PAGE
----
It's one that Burke, of Swarthmore, has thought a lot about, as he plays and researches the social impact of The Sims.
"Critics of the game tend to fall into two camps. There are those who say, 'Look at this stupid game. It sets up a pattern of endless climbing the social ladder to attain material things. It's ridiculous.' But on the other side, there are people saying: 'Isn't this interesting? The game's emphasis on material gains makes us think about what else there is [to value].' "
But game designer David Galiel, founder of the online entertainment company Planetary Arts, thinks The Sims doesn't make enough use of its potential to get players thinking and talking about the practical and moral questions that a social simulation of its kind raises. "There are books and movies and television series - few and far between - that have changed the world and become part of our regular vocabulary," he says. "There's no game that's done that. The Sims won't do it," because it doesn't "allow enough varieties in behavior without making a judgment about them."
But Jenkins argues that the values built into a game don't have to be restrictive. "For example," he says, "The Sims has no taboo about homosexuality. Men can kiss men, women can kiss women. You can imagine [the game designers] creating some kind of negative polarity in which two men repelled each other.
"But instead, the design team decided to say 'this is an acceptable alternative within the simulation.' So in fact, [a game's values structure] can be equally a progressive ideology that's teaching players to respect alternatives that some parts of their social upbringing might be more narrow about."
Kana Ryan, producer of The Sims, says the team of designers, programmers, and producers who worked on the game struggled with the divisive social questions that such a lifelike simulation raises: What kinds of relationships to permit, how far to go with sex, and whether to allow violence. She says those questions were easy to answer about child characters, because "there's a line that you draw."
But with adult characters, "it got really difficult." They decided not to show nudity or sex, only kissing. They wondered "Do we allow fighting?" They settled on some cartoonish fighting, "but there are actually bad consequences to that fighting," Ryan points out.
So The Sims, just like any other game, makes value judgments. Jenkins argues that's why it's important for players - like any media consumers - to question the premises of the games they choose: " 'Cause no one is going to say [to you] 'These are the values and assumptions of the universe.' You have to discover those through action."
Burke believes the complex questions computer games raise for players "can sometimes lead to profound forms of interaction. Even if two players are interacting through a crude medium and manipulating simple characters, sometimes that can serve to spark conversations about life as it's actually lived."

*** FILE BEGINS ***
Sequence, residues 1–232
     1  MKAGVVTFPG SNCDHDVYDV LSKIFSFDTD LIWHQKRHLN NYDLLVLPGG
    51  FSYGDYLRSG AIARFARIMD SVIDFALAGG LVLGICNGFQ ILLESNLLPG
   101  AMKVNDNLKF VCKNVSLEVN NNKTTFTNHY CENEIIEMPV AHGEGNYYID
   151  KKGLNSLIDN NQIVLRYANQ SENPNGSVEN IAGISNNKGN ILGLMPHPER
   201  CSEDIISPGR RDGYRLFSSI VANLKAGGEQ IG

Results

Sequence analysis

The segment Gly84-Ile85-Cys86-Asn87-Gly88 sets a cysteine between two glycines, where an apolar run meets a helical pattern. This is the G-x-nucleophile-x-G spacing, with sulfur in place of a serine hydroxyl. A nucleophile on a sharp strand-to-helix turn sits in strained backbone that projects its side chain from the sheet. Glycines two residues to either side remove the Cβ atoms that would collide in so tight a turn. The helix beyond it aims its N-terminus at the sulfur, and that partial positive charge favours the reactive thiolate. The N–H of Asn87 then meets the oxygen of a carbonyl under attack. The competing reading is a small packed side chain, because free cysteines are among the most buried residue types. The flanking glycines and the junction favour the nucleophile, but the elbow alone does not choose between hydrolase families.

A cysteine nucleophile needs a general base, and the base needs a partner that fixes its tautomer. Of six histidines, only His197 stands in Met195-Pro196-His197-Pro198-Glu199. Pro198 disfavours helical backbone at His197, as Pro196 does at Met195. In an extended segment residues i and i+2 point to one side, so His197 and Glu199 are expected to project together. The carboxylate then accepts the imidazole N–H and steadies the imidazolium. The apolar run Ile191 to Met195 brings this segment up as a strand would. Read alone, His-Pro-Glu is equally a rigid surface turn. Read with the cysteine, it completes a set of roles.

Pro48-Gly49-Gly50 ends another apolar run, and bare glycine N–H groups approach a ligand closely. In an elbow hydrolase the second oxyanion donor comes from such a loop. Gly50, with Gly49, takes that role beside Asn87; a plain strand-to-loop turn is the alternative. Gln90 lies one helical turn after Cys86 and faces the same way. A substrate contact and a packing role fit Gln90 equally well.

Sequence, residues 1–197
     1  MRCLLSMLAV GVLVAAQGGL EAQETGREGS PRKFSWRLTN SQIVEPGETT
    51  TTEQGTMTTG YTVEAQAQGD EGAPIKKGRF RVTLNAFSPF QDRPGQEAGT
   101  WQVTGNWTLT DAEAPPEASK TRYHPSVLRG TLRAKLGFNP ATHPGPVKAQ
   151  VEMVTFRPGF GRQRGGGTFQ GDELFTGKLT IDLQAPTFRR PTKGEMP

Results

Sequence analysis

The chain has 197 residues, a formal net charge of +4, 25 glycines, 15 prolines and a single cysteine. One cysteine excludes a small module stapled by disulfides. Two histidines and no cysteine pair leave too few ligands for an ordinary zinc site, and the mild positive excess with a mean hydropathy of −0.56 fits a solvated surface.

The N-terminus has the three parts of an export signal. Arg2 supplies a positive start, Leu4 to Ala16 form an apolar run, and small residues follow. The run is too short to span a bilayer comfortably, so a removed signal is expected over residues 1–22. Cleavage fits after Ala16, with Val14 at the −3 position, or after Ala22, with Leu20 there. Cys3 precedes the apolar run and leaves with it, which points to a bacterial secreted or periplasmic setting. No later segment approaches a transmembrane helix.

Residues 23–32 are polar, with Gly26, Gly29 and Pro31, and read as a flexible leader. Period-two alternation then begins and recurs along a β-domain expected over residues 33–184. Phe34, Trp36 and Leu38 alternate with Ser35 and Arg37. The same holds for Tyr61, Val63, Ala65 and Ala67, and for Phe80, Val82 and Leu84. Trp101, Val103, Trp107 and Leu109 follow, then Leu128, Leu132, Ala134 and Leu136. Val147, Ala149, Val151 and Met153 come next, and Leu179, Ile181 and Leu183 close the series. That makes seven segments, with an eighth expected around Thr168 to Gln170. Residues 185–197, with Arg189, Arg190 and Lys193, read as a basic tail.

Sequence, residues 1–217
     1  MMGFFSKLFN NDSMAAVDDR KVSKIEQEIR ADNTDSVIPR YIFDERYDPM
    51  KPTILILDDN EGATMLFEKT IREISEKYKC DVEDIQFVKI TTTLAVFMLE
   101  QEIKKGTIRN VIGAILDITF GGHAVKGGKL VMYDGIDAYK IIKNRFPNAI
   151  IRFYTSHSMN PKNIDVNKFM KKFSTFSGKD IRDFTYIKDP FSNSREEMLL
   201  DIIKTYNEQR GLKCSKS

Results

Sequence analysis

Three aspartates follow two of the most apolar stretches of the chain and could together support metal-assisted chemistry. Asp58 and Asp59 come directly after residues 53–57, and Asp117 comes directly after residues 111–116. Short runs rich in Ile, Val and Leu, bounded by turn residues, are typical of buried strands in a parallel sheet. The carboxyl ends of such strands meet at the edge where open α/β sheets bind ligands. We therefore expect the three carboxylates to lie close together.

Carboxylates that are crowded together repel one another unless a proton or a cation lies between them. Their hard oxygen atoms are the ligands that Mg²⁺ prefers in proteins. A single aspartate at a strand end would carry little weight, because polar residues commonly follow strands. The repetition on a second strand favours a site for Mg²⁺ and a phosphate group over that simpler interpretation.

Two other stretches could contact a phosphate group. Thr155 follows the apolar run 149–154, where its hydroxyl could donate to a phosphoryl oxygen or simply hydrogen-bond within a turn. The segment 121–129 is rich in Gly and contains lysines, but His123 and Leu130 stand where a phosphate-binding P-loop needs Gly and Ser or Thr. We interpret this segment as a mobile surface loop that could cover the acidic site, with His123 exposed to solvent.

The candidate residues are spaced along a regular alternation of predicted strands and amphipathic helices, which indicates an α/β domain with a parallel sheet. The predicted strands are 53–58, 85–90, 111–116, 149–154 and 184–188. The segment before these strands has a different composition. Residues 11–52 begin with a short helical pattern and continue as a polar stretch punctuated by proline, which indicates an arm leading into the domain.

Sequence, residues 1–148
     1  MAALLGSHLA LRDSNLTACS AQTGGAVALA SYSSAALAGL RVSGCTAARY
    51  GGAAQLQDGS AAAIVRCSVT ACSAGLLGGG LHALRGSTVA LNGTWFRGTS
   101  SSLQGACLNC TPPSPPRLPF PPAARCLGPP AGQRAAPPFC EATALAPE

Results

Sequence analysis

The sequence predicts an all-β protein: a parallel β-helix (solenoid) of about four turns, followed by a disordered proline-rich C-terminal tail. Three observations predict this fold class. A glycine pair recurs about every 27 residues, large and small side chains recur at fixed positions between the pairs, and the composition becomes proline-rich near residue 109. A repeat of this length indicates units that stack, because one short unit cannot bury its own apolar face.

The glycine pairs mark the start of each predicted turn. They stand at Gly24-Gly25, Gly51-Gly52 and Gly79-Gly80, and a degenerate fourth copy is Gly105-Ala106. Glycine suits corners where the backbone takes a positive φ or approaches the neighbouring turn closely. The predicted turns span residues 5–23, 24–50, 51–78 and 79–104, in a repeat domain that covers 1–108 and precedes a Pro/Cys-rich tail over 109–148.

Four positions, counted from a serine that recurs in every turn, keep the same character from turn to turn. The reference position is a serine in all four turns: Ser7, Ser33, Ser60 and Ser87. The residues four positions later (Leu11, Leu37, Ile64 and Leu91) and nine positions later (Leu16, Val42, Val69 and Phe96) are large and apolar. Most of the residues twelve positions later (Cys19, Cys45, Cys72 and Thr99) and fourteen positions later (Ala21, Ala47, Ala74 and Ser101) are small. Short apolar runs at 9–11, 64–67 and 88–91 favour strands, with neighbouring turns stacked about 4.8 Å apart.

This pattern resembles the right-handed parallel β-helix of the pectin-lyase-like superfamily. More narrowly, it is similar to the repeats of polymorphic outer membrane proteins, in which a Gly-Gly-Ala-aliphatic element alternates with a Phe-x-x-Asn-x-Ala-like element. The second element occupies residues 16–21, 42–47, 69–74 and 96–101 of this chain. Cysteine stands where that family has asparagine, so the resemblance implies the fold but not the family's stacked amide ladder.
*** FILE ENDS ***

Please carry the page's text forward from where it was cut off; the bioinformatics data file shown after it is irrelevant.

Part of the shift in the demographic of game players is the change in the number of women now playing, buying, and designing computer games. A recent IDSA study found that in the year 2000, 43 percent of computer and video-game players were women. Fifty percent of online game players are also women, and women are increasingly making inroads into the computer-game industry.
Kana Ryan is one of those. She stumbled into the industry by accident, after a job designing technical software for IBM. From there, she moved into educational software, and then on to Maxis, to work on simulation games for young children.
Will Wright, creator of The Sims, has been designing games for years. In 1989, he came out with a wildly popular urban-planning simulation called SimCity. But SimCity was still designed, like most computer and video games, primarily by men, and played by a largely male audience.
So when it came to The Sims, Mr. Wright surrounded himself with a team that included more women producers and designers than almost any other place in the industry. "We're not even talking about half the team," Ryan remembers, "but it did make a difference."
Ryan says when the team began working on the idea for the game, Wright envisioned a house-building simulation in which the Sim people were mostly useful as "the feedback mechanism: They tell you what they think of the house." It was two of the female designers, Ryan remembers, who first began to ask, "'How can we make these people more interesting? How can they be the focus?'... The social stuff was born out of that discussion and influence."
Mike Sellers, senior designer working on the next iteration of The Sims, confirms that the game's next installment will pay even more attention to social dynamics. "Creating more complex and believable social interactions is one of our main focus areas," he says.
But for now, the basic irony of the game - that players win points for virtual social prowess, while glued to their computer screens - is not lost on Ryan.
(c) Copyright 2001. The Christian Science Monitor